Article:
Friday, January 13, 2017

Genetics of Europe

This post is provoked by a steady stream of genetic nonsense coming from a couple of prolific commentators. As it happens, this is an area I have recently studied and I have a modest familiarity with the literature. Modern Europeans derive most of their ancestry from at least three waves of settlement, ultimately from Africa, via the Middle East. The first wave or waves consisted of hunter gatherers who interbred with Neandertals. They were pushed back into a few refugia (Spain, Italy, Greece) during the peak of the last ice age, but spread out again after the ice retreated 11,000 years or so ago. About eight millennia ago, a second wave, neolithic farmers from the Middle East, spread through Europe, and mixed with remnants of the hunter-gatherer populations. The Basques of Spain seem to retain relatively unmixed genetics from these farmers. A three or four millennia later, Central Asian pastoralists speaking Indo-European invaded and mixed to various extents with the preceding populations. Their languages, including Celtic, dominate nearly all of Europe today.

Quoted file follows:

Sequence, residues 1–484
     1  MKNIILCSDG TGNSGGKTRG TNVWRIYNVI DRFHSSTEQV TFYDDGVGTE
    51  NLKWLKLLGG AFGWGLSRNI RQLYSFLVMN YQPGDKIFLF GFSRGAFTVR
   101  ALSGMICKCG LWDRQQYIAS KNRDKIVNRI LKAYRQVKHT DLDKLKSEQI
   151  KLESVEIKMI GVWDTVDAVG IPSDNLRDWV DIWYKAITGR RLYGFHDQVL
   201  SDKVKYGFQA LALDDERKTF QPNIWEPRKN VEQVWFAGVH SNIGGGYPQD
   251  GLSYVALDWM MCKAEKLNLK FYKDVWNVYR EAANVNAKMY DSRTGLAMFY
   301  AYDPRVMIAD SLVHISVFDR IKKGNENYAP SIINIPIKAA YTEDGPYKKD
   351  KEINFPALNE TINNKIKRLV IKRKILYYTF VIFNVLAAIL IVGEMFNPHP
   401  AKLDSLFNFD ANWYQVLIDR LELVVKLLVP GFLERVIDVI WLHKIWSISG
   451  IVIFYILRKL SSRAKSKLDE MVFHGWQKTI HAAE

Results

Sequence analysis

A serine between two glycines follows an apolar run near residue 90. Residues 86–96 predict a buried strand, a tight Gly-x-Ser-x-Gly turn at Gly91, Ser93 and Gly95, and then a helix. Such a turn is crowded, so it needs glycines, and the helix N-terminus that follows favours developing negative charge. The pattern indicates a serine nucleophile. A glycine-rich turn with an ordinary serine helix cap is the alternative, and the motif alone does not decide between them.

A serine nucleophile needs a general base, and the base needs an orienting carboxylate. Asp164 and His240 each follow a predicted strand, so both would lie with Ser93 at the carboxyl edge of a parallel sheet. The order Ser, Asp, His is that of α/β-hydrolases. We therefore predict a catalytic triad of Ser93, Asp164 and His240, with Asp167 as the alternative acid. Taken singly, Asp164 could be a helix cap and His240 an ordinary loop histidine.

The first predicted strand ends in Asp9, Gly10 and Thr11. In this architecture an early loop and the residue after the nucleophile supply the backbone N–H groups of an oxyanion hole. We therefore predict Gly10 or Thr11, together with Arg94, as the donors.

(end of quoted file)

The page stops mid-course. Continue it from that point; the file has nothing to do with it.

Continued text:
Celtic is a language grouping which at one time dominated much of Europe. Descendants of Celtic speakers are genetically diverse. Many of the languages of pre-Carthaginian Spain appear to have been Celtic. See Wikipedia:

Genetics of the Iberian Peninsula

Spanish genetics are complex, due to repeated waves of immigration and colonization. Aside from the Basques, who are largely unmixed with the later waves of immigration, the Spanish incorporate genes mostly from the pastoralists together with those of Greek, Phoenician, Carthaginian, Roman, Visigoth and Arab conquerors. Consequently, modern Spanish populations includes a lot of genes from all these areas including North Africa and sub-Saharan Africa.